ab- away from abnormal (away from normal) ad- to, toward adjoin (join to) a-, an- not, without apathy (without feeling) anti- against antiviolence (against violence) ambi- both ambidextrous (both hands) bene- good benign (good or harmless) circum- around circumvent (go around) con- with, together connect (come together) contra- against contradict (speak against) com- with, together communion (coming together) de- down, away descend (move down) dis- apart, not discontent (not content) e- out of, from eject (throw out) ex- out of, from exclude (leave out) hyper- over hyperactive (overactive) hypo- under hypodermic (below the skin) inter- between interconnected ( connected between) il- not illegal (not legal) in- not indiscreet (not discreet) in- into ingest (take into the body by mouth) im- not impossible (not possible) im- into imbibe (drink in) ir- not irrational (not rational) mal- bad, evil malign (speak badly of) ob- against obstruct (build against) omni- all omniscient (knows all) peri- around periscope (view around) post- after postgraduate (after graduation) pre- before precede (go before) pro- for, forward proceed (move forward) re- again, back reconvene (get together again) retro- back retrogression (step back) se- away from seduce (lead away) sub- under subhuman (below human) sur-, super- over, above supersonic (above sound) sym-, syn- together, with sympathy (feeling with or for) trans- across transatlantic (across the Atlantic)
Along with prefixes, roots are central to the meanings of words. If you familiarize yourself with some common roots, you might be able to better recognize certain words or at least get a general feel for several words. By studying the following list of roots, you will be better equipped to break down many words and make sense of them!
Following is a list of roots, their meanings, a word using the root, and a space in which you can write a brief definition in your own words.
Root Meaning Word Your Definition
ami, amic love amicable anthrop human, man anthropology arch chief or leader patriarch auto self autobiography aud sound audible brev short brief bio life biography cap take, seize capture ced yield, go intercede corp body corporal cred believe credible culp guilt culpable chron time synchronize crac, crat rule, ruler democracy dic speak, say dictate duc, duct lead deduce demo people democracy equ equal equity grad, gress step progression graph writing, printing biography ject throw inject luc light elucidate log study of geology mono one monotone man hand manual min small minority mit, miss send emit mort death mortal mut change mutate nym word or name pseudonym nov new renovate pac peace pacify pel, puls push compel pot power potent port carry portable path feeling apathy phil like, lover of philosophy quer, quis ask query scrib write manuscript sed sit sedentary sent feel sensory sequ follow sequel son sound unison spir breathe inspire tang, tact touch tangible vac empty vacant ven come, go intervene ver truth verify vert turn introvert vit life revitalize voc call evocative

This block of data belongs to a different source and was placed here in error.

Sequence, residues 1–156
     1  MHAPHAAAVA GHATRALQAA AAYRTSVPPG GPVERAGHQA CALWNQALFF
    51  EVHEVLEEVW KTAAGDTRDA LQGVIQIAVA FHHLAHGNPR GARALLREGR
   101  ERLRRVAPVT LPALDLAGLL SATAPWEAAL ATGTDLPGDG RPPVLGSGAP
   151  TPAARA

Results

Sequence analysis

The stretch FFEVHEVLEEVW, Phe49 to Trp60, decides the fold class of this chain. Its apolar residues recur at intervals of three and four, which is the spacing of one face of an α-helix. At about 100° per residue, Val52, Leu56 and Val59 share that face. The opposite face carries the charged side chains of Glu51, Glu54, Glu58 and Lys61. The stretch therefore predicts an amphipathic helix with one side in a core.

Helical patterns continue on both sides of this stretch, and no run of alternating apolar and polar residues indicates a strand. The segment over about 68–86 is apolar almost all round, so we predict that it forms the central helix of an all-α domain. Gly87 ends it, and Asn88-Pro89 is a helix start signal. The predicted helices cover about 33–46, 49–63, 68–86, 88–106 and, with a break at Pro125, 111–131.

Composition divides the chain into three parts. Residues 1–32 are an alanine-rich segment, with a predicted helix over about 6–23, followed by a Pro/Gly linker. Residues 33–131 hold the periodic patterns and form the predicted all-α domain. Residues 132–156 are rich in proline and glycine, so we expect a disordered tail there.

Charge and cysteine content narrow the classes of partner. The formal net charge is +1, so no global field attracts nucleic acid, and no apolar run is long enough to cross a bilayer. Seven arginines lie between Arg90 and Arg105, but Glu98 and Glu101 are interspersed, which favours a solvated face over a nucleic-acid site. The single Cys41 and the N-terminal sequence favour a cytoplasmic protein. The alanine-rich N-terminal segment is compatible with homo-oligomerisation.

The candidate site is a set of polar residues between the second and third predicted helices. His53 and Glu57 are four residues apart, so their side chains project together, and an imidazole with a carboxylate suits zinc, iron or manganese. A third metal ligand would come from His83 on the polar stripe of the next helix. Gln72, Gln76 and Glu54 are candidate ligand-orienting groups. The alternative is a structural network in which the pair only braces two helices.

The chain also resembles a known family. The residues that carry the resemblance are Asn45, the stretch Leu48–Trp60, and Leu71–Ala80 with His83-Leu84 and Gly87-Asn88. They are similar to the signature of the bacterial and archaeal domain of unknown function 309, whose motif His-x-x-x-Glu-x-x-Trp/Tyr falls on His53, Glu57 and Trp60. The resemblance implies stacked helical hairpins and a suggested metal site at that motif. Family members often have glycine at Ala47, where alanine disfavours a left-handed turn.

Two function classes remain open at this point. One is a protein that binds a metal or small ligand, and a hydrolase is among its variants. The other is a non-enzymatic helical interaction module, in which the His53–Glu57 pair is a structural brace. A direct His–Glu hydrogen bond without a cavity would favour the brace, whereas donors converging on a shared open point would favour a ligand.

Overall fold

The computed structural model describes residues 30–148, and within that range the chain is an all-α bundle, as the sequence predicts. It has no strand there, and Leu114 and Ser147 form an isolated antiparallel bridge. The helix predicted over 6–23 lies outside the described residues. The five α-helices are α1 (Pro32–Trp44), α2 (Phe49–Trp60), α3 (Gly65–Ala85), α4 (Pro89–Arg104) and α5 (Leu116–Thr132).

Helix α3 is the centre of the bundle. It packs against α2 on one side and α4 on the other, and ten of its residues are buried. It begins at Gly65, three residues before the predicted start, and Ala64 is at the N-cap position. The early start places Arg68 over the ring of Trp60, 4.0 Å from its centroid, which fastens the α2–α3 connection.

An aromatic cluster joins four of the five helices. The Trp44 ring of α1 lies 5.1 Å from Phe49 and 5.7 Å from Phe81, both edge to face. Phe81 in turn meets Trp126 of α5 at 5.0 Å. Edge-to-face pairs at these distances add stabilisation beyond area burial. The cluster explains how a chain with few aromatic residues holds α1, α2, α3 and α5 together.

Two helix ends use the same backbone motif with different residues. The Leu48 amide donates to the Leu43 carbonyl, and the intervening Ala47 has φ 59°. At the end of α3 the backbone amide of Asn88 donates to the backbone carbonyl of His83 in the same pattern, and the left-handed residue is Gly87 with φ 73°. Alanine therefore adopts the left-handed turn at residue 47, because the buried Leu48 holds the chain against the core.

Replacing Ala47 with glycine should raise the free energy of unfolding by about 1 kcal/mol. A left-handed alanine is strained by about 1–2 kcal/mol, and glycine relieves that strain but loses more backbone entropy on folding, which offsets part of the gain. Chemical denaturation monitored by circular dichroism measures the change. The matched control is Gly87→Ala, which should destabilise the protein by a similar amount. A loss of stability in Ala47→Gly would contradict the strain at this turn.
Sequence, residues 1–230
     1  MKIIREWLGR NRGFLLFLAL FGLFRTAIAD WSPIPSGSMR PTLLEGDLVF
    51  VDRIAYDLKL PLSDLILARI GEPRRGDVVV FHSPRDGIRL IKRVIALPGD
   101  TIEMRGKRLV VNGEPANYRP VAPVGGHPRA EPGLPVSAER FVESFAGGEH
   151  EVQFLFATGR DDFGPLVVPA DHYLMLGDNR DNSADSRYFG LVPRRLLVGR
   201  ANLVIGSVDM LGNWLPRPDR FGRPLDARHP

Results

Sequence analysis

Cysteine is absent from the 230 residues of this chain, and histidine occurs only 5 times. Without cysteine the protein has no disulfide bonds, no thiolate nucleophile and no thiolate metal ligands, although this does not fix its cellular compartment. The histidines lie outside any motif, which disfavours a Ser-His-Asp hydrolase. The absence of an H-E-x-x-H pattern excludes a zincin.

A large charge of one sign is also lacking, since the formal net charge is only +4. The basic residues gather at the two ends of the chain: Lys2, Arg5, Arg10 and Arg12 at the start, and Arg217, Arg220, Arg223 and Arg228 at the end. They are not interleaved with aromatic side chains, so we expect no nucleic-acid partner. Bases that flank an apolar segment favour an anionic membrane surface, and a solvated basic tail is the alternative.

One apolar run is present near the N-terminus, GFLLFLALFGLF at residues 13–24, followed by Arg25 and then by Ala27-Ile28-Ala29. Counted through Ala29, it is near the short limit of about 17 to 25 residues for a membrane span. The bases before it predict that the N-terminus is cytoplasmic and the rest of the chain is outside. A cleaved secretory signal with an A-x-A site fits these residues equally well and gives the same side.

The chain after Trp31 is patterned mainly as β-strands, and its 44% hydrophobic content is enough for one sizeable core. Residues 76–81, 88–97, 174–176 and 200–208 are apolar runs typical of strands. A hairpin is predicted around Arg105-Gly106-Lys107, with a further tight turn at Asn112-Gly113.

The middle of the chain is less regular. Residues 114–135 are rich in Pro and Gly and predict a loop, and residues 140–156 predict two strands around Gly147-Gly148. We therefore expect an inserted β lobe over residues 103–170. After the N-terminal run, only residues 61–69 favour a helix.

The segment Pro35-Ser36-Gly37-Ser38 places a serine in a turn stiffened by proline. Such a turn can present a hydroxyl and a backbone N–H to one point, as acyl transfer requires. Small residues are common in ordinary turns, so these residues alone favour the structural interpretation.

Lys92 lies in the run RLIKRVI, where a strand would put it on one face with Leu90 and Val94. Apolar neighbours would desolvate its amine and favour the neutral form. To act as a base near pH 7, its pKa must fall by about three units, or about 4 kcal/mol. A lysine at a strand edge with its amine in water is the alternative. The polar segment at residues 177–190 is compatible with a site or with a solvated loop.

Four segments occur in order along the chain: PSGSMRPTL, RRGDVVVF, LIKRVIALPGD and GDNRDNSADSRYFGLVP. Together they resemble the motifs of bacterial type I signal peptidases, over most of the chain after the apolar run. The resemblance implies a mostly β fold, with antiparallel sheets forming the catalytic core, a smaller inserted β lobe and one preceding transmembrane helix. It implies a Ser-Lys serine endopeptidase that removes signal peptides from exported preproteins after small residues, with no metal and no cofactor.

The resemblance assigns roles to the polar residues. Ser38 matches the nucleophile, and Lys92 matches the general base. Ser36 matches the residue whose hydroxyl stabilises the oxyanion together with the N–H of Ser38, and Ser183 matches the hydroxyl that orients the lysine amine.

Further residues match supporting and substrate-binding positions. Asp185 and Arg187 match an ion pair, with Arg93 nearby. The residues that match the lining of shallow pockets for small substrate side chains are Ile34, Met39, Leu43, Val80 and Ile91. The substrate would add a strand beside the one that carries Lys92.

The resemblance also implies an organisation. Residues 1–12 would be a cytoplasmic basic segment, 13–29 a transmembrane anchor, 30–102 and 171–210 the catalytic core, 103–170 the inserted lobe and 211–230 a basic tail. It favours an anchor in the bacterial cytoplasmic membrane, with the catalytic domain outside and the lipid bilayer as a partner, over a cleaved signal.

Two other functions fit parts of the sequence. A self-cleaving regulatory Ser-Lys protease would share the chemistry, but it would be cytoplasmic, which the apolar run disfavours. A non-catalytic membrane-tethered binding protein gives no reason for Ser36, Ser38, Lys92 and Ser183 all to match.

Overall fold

Suffixes come at the end of words and usually change the part of speech (noun, adjective, adverb and so on) of words, which also subtly changes the meaning. Becoming familiar with suffixes might help you get a sense of the meaning the word is conveying, even if you are not sure of what the definition of the word is exactly.
Let's look at a word with different suffixes to see how the part of speech or the meaning can change. For example, the word sedate means to calm or relax. The following sentences contain words that are made up of the root word sedate but have different suffixes attached to the end:
The doctor prescribed a sedative [something that sedates] to calm her nerves.
The speech was delivered sedately [in a sedate manner].
The dog was under sedation [in a state of sedation] for the long trip.
Many office workers live a sedentary [relating to nonactivity] lifestylE.
As you can see, in each of the sentences, the word sedate means generally the same thing, but the part of speech changes. However, you can get a sense of how the word changes if you know what the suffix means.
What follows is a list of common suffixes that you might encounter at the ends of certain words.
Excerpted from Cliffs TestPrep Military Flight Aptitude Tests by Fred N. Grayson Excerpted by permission.